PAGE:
How did Sergey Brin and Larry Page take their tech start-up from a California garage to dominating the world stage in two decades?
The date is 3rd September 1998: Tony Blair is living in Downing Street; Manic Street Preachers are top of the charts; people are playing Snake on their Nokia 5110s; and the world is about to change forever. The very next day sees Google incorporated and launched to the world from a garage in Menlo Park, California.
Google is now so synonymous with searching the web that we use it as a verb. Have a think, you’ve probably told someone to google something today, right? But Google are now so much more than plain white web pages with search results that seem innumerable, no matter how hard those recurring Os try to keep track.
Google has an answer for almost everything – plan your morning commute with Maps, swap your iPhone for the latest Pixel 3, or monetise your online content with AdSense. Just how did a tiny tech start-up become a global superpower, influencing and effecting almost every industry along the way?
1996 - 1998 – In the beginning
Two years before the official launch of Google, founders Sergey Brin and Larry Page began modifying their university’s homepage. In doing so, they devised the algorithm which would change everything – the new system simply gave more weight to authoritative sources when creating a list of search results. Two years later in 1998, Google was launched, and the algorithm still works in the same way now, with businesses trying to maximise their search engine optimisation to ensure they’re among the first to appear in results.
2001 – Leaving competitors behind
Their focus remained on the backend of the search engine, with everything else being kept as simple as possible; users continued to be met with the famously simple design of a white field hosting a logo and search field right in the middle. Hiring chairman Eric Schmidt allowed Brin and Page to maintain that focus, an approach that led them to domination of the sector – overtaking the likes of Yahoo and Excite (who rejected the opportunity to buy Google for $750,000), as well as keeping MSN’s Bing at bay.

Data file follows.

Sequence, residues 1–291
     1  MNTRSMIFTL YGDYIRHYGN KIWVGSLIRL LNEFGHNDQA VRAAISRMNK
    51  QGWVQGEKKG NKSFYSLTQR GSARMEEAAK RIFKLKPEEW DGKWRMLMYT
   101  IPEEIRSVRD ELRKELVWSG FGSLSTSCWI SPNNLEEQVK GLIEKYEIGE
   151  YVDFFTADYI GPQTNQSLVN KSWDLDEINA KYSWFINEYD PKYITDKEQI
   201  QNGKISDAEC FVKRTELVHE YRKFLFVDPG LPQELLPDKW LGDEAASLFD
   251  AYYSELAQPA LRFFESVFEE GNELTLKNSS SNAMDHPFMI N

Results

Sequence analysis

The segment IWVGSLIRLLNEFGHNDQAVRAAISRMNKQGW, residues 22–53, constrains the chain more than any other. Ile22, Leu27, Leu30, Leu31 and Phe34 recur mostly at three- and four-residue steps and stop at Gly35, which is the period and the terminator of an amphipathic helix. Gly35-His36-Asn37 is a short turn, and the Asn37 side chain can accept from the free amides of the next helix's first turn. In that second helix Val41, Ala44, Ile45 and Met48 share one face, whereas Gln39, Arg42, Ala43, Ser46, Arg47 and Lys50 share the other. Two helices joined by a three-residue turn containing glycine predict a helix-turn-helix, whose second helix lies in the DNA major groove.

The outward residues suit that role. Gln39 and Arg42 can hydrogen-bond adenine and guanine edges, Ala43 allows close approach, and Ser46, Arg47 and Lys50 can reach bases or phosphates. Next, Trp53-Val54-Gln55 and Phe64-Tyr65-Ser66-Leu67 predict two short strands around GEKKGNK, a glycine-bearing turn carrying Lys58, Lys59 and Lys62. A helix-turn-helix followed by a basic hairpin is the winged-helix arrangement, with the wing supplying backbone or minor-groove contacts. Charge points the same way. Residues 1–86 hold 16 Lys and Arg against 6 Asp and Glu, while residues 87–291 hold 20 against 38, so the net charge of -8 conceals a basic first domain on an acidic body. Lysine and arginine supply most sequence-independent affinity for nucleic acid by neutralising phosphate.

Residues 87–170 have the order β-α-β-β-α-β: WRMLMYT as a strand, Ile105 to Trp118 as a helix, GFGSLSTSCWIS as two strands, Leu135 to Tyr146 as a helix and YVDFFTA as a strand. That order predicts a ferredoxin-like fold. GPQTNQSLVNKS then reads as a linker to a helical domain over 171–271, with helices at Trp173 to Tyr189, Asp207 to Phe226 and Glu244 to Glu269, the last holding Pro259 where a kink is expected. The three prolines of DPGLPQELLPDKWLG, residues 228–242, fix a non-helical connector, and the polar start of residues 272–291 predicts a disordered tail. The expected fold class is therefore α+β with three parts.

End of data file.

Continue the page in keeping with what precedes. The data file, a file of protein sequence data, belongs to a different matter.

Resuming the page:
2006 – A new flagship platform
The company truly began to take flight at the turn of the millennium when they broadened their horizons and began acquiring companies in other fields. Their biggest purchase was that of Youtube, having shelled out $1.65 billion for the video sharing platform in 2006. Over the past five years, Youtube have paid out over $2 billion to content creators who have monetised their videos – that’s after the platform take a 45 per cent cut. That represents just one of their many commercial ventures, but it shows how savvy spending has built up an empire.
2011 – Making moves in mobile
Google simply doesn’t pull its punches. It may have seemed as though they’d made an error when they spent $12.5 billion on Motorola Mobility in 2011, only to sell it to Lenovo for a $10 billion loss three years later, but it all played into their hands. Agitated by the fact Samsung were ripping off the Android operating system, Google bought Motorola and the rights to more than 20,000 patents. The purchase allowed them to ramp up production of their Nexus smartphones, which ran with a well-received, basic Android system that remained open, making it a hit with developers. In 2014, Samsung held their hands up and agreed terms with Google to tone down it’s Android modifications, and the Motorola rights were sold two days later.
2018 and beyond
With a market value sitting at over $750 billion dollars and its place among the “big five” tech firms cemented, Google’s options are as open as they ever have been. Making headway in their latest innovation of home assistants, rivalling the heralded Amazon Alexa, who knows which direction they’ll go in next. Will Google Glass take a third attempt at success? Will their Waymo project win the race towards consumer-ready autonomous vehicles? Will they continue leading the integration of AI in everyday life? Having transformed from two students starting up in a garage to more than 85,000 employees spread across the globe with the future of the tech industry in their hands, the world is very much their oyster.